THE Chairman of the Ghana HIV Network and member of the Ghana AIDS Commission (GAC), Mr Samuel Anyimadu-Amanaing, has criticised all presidential aspirants for neglecting issues of HIV, malaria and tuberculosis in their campaign messages.
He said all the presidential aspirants were going on and on about the economic empowerment of Ghanaians. However, “you cannot talk about economic empowerment to a people who are not there because they are being annihilated by HIV/AIDS, Malaria or TB”.
He told the Daily Graphic that the way these issues had been left out of campaign messages and manifestos of all the political parties showed that they were not important to the presidential aspirants and party members.
It also suggested a dearth of knowledge on these issues and concerns.
According to Mr Anyimadu-Amanaing, it was imperative to have policy initiatives for addressing these health concerns by all presidential aspirants in their campaigns and manifestos because of the global importance of these health concerns.
He said the presidential candidates of the US had come out clearly on the issues and campaigned forcefully on their policy initiatives on HIV/Aids, when elected as president, and presidential aspirants in the Ghana had to follow suit and address these issues publicly to support the efforts of agencies in addressing the challenge.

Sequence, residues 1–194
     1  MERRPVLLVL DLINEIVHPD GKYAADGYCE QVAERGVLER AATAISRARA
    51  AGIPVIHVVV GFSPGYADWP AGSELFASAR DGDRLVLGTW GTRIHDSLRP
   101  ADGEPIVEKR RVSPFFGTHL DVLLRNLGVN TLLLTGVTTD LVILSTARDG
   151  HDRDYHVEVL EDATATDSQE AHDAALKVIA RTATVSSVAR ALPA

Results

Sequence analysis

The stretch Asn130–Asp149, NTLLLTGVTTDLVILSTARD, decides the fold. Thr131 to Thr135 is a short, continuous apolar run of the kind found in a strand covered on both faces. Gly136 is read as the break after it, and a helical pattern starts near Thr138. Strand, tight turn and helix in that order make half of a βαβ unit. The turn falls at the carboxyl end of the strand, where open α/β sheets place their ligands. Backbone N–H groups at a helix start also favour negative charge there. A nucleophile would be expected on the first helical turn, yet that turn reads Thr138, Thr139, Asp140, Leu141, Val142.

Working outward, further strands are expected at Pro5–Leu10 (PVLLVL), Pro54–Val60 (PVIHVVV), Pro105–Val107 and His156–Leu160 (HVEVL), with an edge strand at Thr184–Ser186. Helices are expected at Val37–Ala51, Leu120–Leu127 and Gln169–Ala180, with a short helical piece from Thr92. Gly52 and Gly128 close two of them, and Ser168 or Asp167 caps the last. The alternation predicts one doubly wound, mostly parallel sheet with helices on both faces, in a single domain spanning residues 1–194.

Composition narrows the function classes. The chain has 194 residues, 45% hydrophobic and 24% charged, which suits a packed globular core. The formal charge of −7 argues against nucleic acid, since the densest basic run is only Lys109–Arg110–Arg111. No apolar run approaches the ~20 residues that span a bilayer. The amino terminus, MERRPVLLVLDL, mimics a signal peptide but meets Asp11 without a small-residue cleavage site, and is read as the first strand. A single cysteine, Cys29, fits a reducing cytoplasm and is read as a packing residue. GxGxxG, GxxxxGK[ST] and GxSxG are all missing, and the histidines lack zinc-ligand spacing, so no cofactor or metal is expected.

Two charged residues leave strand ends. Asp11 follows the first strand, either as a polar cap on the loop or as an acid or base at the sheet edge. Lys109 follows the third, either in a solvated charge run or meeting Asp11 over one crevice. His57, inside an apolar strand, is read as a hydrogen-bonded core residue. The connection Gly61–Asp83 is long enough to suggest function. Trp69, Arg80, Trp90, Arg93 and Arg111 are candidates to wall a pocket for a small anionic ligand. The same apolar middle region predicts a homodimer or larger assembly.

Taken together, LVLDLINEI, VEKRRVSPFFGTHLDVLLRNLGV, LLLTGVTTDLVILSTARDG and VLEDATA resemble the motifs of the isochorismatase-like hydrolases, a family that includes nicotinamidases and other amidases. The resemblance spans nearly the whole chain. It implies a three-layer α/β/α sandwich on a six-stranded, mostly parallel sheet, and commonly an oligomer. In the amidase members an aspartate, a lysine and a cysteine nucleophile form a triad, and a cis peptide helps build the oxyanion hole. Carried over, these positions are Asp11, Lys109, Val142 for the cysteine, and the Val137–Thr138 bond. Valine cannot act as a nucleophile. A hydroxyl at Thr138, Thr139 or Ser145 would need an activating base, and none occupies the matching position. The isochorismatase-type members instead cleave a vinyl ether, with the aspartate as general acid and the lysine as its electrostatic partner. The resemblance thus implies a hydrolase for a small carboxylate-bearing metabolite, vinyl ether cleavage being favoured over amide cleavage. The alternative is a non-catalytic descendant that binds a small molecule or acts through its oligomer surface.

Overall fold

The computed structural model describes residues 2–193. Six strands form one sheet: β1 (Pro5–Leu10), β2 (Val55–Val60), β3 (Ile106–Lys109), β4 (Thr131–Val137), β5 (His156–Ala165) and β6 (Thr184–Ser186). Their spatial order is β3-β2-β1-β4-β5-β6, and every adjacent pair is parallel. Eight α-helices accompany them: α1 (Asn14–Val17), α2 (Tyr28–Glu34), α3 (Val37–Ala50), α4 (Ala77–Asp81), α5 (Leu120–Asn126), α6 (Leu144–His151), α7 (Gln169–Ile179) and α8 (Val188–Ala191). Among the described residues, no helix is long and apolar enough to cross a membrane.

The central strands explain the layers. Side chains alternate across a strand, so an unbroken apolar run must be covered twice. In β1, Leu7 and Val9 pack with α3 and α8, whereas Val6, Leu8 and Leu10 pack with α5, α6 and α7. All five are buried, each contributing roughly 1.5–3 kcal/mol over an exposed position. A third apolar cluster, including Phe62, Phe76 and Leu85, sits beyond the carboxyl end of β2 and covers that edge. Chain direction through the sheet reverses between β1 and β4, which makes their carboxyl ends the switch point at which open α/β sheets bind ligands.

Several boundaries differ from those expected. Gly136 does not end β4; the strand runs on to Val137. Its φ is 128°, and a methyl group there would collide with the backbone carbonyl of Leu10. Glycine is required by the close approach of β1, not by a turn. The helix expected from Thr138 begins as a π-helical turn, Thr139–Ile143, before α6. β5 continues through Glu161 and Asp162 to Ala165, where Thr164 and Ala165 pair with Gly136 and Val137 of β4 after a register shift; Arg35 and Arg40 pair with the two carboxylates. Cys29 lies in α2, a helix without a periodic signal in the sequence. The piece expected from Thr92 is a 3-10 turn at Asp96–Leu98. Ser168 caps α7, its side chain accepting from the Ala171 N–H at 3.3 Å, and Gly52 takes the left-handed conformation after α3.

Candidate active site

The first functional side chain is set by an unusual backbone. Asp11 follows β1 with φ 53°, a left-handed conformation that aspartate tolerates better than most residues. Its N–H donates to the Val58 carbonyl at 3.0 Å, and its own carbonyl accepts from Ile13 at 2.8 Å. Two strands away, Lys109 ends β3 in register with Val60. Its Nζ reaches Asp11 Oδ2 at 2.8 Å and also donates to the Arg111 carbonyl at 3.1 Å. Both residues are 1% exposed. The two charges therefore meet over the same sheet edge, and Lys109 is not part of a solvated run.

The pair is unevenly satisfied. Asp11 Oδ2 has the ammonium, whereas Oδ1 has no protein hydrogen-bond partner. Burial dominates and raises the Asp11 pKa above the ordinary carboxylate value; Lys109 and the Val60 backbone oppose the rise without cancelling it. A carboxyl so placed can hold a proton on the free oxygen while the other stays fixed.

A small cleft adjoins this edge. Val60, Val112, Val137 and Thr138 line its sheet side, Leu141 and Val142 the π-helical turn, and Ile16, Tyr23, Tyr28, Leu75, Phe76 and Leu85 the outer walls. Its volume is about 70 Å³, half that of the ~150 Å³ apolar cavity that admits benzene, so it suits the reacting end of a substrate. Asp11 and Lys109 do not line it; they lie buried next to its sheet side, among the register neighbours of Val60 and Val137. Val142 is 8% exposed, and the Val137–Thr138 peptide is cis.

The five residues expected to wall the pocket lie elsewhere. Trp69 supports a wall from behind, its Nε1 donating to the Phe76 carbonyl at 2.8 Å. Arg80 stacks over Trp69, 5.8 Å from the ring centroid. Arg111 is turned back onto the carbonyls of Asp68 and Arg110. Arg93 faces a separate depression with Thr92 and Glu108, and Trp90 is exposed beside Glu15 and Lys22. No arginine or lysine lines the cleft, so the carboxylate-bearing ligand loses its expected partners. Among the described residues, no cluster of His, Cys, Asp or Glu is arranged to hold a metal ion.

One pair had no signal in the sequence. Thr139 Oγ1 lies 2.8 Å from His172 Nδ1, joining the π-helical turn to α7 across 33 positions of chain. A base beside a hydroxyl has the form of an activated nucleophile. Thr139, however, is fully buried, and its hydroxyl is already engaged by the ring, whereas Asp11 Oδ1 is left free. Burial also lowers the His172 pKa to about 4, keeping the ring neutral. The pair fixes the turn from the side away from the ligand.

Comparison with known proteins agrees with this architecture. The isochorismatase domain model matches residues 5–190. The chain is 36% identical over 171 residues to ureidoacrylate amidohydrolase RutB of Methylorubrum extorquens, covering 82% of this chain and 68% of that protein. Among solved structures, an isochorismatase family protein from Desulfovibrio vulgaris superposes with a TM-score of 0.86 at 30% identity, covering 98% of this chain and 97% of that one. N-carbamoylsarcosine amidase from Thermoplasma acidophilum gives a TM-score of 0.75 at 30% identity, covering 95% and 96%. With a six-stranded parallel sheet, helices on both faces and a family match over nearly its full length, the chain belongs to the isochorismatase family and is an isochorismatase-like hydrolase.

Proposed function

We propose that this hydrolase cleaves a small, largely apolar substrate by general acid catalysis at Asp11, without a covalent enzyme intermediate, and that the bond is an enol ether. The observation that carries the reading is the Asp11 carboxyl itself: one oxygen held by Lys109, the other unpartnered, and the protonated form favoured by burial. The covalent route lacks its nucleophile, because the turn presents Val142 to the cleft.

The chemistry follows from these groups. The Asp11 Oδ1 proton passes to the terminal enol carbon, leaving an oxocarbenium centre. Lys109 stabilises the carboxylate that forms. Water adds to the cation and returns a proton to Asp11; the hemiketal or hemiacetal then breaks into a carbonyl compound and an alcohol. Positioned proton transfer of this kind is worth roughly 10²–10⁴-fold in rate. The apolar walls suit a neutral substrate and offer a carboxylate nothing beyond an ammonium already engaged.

Mr Anyimadu-Amanaing stressed the seriousness of the health challenge, which called for public engagement by the aspirants.
That was because recent studies in the US had revealed that the prevalence rates reported in the past had been under-underestimated.
“Since Ghana also relies sometimes on these international figures, it is probable that estimates from the sentinel survey may also have been underestimated, meaning the 1.9 prevalence rates would be up by about 40 per cent,” he added.
He said the United States had recently increased budgetary support to Aids in Africa under the Presidential Emergency Fund for Relief, making it important for political leadership to show the commitment and foresight in tackling the challenge.
DAILY GRAPHIC, MONDAY, AUGUST 25, 2008, PG 35